The rich should marry people from low-income families in order to reduce the country’s poverty rate, this according to Indonesia’s Coordinating Human Development and Culture Minister Muhadjir Effendy.
The minister made such a controversial suggestion yesterday at a national health conference in the capital. This morning he explained that it would not entail any compulsion.
In his address, Muhadjir said that in Indonesia, the world’s most populous Muslim country, religious teachings on equivalent marriage partners are often misinterpreted.
“What if the poor look for other poor people to marry? There will be more poor families. This is a problem in Indonesia,” he said.
To tackle the issue, “The Religious Affairs Minister should issue a fatwa (religious edict) so that the poor look for the rich and vice versa” when contemplating marriage.
Citing government data, the minister said that the number of poor households in the archipelago stood at around 5 million, 9.4 per cent of the total (57.1 million).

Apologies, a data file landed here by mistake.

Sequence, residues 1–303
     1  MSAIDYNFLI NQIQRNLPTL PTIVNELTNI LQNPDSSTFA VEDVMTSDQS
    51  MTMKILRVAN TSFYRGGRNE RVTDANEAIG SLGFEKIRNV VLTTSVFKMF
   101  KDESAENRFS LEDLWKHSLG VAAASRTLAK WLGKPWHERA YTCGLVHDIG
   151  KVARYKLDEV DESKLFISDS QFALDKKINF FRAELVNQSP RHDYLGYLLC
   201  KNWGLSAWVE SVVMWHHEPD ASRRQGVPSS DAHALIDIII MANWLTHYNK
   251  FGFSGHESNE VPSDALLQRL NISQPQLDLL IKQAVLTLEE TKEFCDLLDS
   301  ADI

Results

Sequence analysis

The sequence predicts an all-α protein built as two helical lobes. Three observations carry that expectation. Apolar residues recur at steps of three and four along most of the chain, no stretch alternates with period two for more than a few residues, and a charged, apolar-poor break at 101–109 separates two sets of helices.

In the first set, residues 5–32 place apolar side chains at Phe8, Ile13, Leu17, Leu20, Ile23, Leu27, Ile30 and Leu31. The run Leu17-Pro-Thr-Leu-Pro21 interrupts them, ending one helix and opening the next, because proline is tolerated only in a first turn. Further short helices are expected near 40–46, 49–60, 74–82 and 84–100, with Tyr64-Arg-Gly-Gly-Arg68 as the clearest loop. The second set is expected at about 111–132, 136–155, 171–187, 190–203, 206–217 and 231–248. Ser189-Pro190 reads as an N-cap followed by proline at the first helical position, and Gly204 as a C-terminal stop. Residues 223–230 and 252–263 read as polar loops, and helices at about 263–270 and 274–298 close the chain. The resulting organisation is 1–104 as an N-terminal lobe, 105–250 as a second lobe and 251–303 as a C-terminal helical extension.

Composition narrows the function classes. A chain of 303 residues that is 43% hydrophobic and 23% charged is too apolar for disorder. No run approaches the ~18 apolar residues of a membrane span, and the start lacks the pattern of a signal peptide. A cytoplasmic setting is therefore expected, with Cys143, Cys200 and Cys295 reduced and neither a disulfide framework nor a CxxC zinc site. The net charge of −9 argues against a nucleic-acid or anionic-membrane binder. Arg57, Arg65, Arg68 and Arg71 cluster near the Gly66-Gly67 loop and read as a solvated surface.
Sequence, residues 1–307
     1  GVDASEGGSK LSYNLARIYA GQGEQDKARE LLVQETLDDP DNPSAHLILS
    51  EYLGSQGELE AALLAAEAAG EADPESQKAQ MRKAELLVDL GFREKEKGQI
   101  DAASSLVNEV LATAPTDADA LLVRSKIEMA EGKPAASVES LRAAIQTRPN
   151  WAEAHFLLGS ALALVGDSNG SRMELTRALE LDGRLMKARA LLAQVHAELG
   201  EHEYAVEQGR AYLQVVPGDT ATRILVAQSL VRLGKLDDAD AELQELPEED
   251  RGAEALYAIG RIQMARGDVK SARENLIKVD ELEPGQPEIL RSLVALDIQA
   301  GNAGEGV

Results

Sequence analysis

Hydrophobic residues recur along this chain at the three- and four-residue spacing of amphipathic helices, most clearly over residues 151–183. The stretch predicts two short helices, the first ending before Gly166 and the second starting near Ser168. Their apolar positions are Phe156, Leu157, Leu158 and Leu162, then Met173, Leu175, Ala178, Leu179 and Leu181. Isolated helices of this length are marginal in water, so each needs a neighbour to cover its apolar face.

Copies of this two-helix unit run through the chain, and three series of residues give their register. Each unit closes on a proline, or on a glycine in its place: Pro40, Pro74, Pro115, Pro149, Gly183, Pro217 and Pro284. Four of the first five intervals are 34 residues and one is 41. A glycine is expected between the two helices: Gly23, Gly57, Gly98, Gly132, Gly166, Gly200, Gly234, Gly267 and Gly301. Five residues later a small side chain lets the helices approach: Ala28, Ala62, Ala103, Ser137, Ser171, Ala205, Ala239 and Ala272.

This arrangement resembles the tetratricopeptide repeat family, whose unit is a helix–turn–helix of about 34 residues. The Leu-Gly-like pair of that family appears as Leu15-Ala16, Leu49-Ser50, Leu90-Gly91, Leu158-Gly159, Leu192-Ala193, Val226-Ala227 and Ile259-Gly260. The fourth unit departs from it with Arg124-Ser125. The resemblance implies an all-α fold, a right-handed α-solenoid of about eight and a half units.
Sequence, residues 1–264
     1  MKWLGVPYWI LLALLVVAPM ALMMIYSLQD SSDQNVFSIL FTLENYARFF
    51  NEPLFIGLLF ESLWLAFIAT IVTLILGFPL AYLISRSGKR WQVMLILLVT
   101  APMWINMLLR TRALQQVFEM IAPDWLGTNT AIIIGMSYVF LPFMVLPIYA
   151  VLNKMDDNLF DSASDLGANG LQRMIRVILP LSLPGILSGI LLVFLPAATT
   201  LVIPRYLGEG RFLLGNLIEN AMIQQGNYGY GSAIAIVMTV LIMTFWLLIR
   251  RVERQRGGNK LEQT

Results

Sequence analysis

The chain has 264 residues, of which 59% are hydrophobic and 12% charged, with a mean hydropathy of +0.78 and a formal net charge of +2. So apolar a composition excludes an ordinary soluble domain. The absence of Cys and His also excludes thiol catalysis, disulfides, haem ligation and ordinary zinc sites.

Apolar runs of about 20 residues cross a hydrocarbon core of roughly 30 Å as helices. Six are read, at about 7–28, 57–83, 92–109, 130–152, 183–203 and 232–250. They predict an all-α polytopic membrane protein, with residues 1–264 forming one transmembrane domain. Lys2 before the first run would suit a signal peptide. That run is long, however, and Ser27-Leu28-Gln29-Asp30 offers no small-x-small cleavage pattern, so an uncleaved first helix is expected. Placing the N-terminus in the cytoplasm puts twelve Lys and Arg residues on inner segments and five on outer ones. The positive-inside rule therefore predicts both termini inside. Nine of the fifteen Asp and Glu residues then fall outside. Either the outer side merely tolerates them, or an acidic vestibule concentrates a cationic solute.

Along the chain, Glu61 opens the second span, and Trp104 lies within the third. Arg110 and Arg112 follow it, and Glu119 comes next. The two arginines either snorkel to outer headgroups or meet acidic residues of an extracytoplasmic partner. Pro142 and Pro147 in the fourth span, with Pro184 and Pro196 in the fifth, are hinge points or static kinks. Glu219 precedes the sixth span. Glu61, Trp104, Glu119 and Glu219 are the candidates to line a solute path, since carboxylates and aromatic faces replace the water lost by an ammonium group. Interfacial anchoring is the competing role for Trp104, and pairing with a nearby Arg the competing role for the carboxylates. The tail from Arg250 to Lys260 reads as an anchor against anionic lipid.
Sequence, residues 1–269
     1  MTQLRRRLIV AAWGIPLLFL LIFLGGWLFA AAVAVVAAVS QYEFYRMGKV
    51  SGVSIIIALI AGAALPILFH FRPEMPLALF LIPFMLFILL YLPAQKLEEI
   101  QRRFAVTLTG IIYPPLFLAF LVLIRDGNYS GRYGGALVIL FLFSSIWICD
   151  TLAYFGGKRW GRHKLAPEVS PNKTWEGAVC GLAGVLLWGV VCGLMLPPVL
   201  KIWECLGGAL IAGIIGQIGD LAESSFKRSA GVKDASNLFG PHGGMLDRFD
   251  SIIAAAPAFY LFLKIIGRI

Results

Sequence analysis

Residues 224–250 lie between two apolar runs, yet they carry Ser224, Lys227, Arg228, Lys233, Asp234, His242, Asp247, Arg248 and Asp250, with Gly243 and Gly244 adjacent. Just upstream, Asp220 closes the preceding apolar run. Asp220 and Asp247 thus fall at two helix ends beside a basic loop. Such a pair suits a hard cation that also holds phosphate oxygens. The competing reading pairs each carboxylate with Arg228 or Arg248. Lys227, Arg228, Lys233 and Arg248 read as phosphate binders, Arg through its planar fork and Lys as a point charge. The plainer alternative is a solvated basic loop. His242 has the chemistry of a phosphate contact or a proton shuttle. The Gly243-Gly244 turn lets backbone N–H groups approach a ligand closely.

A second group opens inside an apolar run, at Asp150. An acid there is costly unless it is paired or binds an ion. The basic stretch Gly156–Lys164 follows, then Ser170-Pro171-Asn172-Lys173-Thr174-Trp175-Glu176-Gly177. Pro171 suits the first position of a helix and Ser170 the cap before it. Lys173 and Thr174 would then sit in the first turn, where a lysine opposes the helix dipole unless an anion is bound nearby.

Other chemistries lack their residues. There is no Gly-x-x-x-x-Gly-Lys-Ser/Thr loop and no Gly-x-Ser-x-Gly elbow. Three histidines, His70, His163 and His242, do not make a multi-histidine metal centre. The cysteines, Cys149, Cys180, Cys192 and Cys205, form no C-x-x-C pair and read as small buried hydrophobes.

However, a fatwa is not the responsibility of the Religious Affairs Minister in Indonesia. The task usually falls on Muslim clerical authorities such as the Islamic Council of Indonesian Ulemas (MUI), after extensive studies by the Fatwa Commission, or people with expertise in certain areas of law.
In addition to the fatwa, Muhadjir also proposed a premarital certification programme whereby couples that are not yet economically stable but intend to marry would receive a pre-employment card under a programme launched by President Joko “Jokowi” Widodo. The minister’s statements immediately sparked a heated debate among Indonesians.
This morning, Muhadjir met with reporters at his Ministry noting that his suggestion was but one element in an hour-long speech and that he was not serious when calling for a fatwa on marriage between the wealthy and the poor.
Whilst the minister said that people are free to follow his suggestion as a way to tackled the country’s poverty, if Indonesia’s top Islamic authorities consider the fatwa idea, they would be validating it.
Recently, the World Bank reported that around 115 million Indonesians, 45 per cent of the population, have not yet achieved economic security and middle-class status. Progress has nonetheless been made in reducing poverty to less than 10 per cent over the past 15 years, whilst the middle class has grown from 7 to 20 per cent of the population.